The Infrastructure Consortium for Africa (ICA) annual report, published in mid-December 2022, and covering the year 2020 in the areas of transport, water, sanitation, energy, and information and communication technologies (ICTs), has revealed that Africa is suffering from a funding gap for infrastructure projects such as the Abidjan bridge, Dakar-Ndayane deepwater port, and Cairo metro, etc.
The ICA attempts to quantify the annual funding gap between the infrastructure needs of African economies and the funding committed by development banks, governments, and others.
Funding for infrastructure in Africa reached $81 billion in 2020 compared to $100 billion in 2018. This decline in commitment is due, according to the same report, to the Covid-19 pandemic.
According to the ICA, the shortfall was between $59 billion and $96 billion in 2020, and even more in 2019 in all sectors except ICT.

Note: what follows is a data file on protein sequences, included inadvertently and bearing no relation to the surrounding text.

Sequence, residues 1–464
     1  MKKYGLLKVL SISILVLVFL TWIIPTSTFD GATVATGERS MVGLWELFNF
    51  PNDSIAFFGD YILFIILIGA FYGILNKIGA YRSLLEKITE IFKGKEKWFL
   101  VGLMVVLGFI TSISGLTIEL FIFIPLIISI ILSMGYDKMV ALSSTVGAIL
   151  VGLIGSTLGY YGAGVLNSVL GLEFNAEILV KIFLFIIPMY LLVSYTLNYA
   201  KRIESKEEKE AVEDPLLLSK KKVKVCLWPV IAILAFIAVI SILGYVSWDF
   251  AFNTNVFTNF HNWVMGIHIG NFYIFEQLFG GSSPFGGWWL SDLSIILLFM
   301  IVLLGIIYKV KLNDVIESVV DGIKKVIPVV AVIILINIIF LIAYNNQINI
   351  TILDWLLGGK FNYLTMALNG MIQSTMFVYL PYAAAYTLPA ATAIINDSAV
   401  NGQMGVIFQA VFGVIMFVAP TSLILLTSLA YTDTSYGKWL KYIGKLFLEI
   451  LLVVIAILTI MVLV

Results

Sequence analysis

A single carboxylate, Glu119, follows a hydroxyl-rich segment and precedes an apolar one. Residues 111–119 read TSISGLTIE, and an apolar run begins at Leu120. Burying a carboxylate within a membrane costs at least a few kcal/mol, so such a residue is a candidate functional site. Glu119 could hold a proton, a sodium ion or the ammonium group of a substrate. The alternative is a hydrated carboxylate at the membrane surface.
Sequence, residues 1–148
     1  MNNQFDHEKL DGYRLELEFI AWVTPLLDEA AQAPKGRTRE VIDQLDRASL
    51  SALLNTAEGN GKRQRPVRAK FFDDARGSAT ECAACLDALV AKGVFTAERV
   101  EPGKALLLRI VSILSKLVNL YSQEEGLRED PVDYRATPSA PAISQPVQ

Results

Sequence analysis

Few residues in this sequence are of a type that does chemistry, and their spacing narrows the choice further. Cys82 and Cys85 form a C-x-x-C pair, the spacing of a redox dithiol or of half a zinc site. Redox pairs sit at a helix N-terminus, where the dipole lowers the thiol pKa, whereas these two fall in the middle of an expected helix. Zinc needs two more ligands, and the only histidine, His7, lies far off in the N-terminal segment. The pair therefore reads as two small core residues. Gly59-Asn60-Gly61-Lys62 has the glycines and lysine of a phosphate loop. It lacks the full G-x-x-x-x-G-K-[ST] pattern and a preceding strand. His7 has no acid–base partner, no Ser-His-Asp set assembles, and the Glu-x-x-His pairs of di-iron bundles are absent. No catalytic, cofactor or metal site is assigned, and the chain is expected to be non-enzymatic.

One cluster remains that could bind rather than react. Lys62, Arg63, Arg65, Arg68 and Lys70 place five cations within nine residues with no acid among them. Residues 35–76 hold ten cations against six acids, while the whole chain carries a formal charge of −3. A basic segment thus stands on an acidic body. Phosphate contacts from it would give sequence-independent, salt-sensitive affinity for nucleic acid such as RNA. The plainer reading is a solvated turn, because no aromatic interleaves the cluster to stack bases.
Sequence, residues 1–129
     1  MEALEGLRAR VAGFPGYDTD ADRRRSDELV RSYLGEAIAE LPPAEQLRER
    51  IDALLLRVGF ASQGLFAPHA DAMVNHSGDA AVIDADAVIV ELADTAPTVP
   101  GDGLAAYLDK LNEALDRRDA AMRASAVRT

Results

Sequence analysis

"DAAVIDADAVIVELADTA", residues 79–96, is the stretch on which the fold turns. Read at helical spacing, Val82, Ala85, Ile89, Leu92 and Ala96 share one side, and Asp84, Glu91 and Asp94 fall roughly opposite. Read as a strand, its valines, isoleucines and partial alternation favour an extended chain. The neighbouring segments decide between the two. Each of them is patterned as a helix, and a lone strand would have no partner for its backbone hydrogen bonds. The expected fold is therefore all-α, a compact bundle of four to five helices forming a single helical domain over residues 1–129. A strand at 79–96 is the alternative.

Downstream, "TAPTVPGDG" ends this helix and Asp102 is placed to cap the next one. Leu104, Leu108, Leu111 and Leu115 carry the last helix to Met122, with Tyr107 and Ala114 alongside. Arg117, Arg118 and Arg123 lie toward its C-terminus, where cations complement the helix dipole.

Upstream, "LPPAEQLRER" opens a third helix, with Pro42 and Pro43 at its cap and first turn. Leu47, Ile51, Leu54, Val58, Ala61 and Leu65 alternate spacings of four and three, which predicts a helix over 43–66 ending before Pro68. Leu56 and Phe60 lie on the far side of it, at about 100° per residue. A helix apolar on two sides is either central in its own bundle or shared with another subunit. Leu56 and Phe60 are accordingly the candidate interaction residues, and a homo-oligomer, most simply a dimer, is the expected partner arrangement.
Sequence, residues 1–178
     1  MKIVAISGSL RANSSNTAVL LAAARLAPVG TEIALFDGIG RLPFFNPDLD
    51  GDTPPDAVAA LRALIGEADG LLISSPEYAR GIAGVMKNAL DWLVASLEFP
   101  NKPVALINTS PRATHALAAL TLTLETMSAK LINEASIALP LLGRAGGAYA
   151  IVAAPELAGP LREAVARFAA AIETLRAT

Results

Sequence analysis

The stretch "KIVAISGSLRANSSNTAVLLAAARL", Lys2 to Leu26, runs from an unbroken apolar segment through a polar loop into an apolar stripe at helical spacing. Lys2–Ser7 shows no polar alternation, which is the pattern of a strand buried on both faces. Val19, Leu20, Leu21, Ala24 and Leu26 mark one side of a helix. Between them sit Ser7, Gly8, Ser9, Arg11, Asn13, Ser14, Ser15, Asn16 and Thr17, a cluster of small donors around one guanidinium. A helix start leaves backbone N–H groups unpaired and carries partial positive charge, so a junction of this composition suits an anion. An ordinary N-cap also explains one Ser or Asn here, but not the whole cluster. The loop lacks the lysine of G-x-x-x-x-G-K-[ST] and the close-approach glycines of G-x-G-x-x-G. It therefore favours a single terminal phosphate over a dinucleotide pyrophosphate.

By providing these comparative statistics each year, the ICA has highlighted that the decline in commitments only widens the gap between the annual investments needed by African people and the actual funding committed.
In terms of sectors, the water sector has seen the largest shortfall (over $49 billion), for a number of reasons related to the lack of financial sustainability in the power, water, and sanitation sector. In addition, the water sector only received 10% of the funding, compared to 42% for the transport sector, followed by energy (29%).
In terms of financial commitments, 41% of funding comes from African states, as in recent years.